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Ranking the bubble teams

2/13/2013
Spencer Dinwiddie leads Colorado in both scoring (14.8 points per game) and assists (2.8) this season. Isaiah J. Downing/USA TODAY Sports

Take it from a guy who was on the bubble for 48 straight months and saw it pop four years in a row: Being on the bubble isn't any fun.

For those teams that don't have the résumés to earn "lock" status, and don't win their conference tournaments, it usually comes down to the number of spots that are available and how each member of the tournament selection committee interprets the criteria. For coaches and players, that can be a frustrating thing. But the most important advice I can give all my bubble brothers is this: Just worry about controlling what you can control, and try to win as many games as you can.

Once a team gets into the tournament, however, it's a whole different game. Of the teams currently hovering around the bubble cutline in Joe Lunardi's latest bracket, which ones have the best chance of advancing in the tourney?

I've ranked my top eight, purely based on which ones I think are the best teams and have the most potential to fare well in the tournament (and not based on which teams I necessarily think are more deserving of bids). I've also included information for each on where Lunardi currently has them ranked.

1. Colorado Buffaloes

Colorado has the ability to get to the second weekend of the tournament. The backcourt duo of Askia Booker and Spencer Dinwiddie is as good as any you'll find on a bubble team. Booker can create a shot off the bounce and get to the rim, while Dinwiddie shoots it with range, has a good floor game and plays with excellent pace.

Up front, the Buffs have an elite rebounder in Andre Roberson. He is relentless on both the offensive and defensive glass. He is complemented by skilled freshman post Josh Scott, who has good hands and can score both on the block and facing to 17 feet. Colorado is solid defensively and does a good job of contesting shots. This is a team that won't beat itself.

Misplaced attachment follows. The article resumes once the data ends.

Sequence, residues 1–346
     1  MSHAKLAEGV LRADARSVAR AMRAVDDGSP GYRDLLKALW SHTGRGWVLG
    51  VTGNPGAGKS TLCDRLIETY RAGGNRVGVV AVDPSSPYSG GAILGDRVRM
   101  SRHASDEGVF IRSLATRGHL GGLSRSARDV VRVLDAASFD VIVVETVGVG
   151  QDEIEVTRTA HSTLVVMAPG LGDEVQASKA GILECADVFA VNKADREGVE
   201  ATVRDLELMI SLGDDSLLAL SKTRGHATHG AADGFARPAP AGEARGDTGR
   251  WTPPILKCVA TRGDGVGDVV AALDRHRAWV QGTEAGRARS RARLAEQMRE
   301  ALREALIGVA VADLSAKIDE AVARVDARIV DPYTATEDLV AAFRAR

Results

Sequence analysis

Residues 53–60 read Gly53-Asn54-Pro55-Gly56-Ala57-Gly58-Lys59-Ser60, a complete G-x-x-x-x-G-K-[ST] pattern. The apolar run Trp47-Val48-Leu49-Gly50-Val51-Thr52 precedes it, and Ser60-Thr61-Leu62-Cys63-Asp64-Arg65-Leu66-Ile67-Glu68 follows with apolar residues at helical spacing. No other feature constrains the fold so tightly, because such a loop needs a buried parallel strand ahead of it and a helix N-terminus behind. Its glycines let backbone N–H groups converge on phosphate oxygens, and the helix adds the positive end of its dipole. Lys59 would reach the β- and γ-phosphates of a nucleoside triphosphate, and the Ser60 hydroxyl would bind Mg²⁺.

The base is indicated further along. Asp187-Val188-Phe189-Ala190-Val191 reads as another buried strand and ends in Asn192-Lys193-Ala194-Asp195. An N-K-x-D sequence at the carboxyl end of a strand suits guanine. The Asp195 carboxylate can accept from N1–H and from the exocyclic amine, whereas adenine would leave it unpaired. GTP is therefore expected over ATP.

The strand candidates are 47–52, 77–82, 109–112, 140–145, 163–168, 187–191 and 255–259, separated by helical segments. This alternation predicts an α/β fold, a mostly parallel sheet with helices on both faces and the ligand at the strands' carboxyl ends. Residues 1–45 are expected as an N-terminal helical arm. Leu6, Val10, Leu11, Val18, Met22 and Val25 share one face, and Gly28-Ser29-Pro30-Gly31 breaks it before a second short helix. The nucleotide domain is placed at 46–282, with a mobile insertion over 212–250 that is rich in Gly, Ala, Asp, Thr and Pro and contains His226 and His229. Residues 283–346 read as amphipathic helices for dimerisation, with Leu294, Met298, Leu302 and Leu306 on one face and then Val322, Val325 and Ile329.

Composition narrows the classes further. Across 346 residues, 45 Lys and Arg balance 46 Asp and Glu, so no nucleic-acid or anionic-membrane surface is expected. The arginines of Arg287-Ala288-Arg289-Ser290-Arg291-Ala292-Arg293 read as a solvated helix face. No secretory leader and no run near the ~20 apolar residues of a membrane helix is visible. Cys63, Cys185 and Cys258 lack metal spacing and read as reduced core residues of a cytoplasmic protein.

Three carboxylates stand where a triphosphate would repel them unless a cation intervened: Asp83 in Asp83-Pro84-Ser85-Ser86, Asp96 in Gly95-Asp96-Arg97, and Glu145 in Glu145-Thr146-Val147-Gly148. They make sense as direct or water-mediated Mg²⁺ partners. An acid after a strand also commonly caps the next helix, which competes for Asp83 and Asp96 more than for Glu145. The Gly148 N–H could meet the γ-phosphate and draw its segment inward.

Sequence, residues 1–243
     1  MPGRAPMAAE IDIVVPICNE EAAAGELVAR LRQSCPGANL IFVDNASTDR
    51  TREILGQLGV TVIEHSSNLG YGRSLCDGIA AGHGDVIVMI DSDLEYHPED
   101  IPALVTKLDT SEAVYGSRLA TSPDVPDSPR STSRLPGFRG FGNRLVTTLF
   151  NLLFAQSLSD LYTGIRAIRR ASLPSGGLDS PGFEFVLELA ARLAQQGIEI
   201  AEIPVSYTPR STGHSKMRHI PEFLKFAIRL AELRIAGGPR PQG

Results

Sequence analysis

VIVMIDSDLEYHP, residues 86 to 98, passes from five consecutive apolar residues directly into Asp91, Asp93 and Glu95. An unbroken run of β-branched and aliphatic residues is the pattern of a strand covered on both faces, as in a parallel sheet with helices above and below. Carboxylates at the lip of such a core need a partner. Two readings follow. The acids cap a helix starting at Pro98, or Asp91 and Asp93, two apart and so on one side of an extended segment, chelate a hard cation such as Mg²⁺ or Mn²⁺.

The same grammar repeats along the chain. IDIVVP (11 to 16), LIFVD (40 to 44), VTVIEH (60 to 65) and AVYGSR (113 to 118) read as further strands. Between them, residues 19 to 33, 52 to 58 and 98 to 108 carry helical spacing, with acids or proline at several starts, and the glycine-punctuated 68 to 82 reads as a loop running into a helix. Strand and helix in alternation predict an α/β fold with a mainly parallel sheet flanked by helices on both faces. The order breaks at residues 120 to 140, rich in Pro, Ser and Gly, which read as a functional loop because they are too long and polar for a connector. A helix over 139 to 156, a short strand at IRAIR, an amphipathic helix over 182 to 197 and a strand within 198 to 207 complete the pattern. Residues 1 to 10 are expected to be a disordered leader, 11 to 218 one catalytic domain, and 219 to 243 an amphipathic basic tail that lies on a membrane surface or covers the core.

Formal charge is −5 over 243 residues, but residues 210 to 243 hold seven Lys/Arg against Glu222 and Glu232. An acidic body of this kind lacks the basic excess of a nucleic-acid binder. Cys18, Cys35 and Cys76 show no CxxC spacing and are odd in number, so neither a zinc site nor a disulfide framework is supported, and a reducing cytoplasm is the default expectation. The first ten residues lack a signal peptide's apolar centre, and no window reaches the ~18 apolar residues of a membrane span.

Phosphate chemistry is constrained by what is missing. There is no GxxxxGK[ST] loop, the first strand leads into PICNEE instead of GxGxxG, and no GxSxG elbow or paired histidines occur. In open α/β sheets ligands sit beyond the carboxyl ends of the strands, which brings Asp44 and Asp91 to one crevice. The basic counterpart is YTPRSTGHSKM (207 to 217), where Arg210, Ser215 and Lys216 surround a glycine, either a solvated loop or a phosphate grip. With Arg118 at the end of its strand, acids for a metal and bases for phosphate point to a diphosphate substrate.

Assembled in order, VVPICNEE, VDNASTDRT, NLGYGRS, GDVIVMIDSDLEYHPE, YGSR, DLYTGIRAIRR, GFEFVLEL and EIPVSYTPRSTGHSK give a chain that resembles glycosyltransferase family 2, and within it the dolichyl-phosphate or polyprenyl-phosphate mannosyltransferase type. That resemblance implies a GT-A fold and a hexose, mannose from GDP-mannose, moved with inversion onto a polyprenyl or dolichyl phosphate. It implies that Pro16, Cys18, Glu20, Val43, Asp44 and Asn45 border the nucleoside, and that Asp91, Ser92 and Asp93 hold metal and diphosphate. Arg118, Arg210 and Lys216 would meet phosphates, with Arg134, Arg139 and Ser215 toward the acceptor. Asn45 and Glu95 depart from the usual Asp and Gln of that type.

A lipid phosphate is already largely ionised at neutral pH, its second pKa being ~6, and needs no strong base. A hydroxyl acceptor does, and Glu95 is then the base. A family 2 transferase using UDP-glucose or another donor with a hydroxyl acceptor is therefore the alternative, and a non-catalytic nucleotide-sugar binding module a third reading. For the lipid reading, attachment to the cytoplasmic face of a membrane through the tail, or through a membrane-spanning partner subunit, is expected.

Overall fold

Current Lunardi bubble status: Comfortably in the tournament (No. 39 on S-curve)


2. Illinois Fighting Illini

In the NCAA tournament, the game starts with the guards. Illinois' guards can attack you off the bounce and knock down the 3. Very few teams in the NCAA tournament have three perimeter players as good as Brandon Paul, D.J. Richardson and Tracy Abrams. They combine to score more than 40 points per game. Tyler Griffey puts pressure on the defense as a pick-and-pop 4, and Nnanna Egwu has improved as the season has progressed.

Defensively, Illinois has the ability to pressure the ball and take teams out of their half-court sets. Here's one more reason the Illini could make a March run: They'll be tourney-tested after surviving the Big Ten gauntlet.

Current Lunardi bubble status: Comfortably in the tournament (No. 41 on S-curve)


3. Saint Mary's Gaels

Saint Mary's will be a tough out in the NCAA tournament. Matthew Dellavedova is as good off the ball screen as any guard not playing in the NBA. At 6-foot-4, he has the size to see over the defense, as well as the strength to put the defender on his hip and get to the rim. He is complemented by Stephen Holt, one of the most underrated guards in the country. Holt is a lockdown defender who shoots it with range and makes winning plays. Any team with Dellavedova and Holt will be hard to beat.

Post Brad Waldow does a nice job of playing off Dellavedova's penetration. He is an excellent screener and posts hard. Beau Levesque, although not as tough as Rob Jones, has added another dimension to the Gales. He makes enough shots to keep the defense honest and rebounds his position.

Defensively, Randy Bennett's teams are tough to score against. They are physical, keep the ball in front and contest shots.

Current Lunardi bubble status: Among last four at-large teams in (No. 45 on S-curve)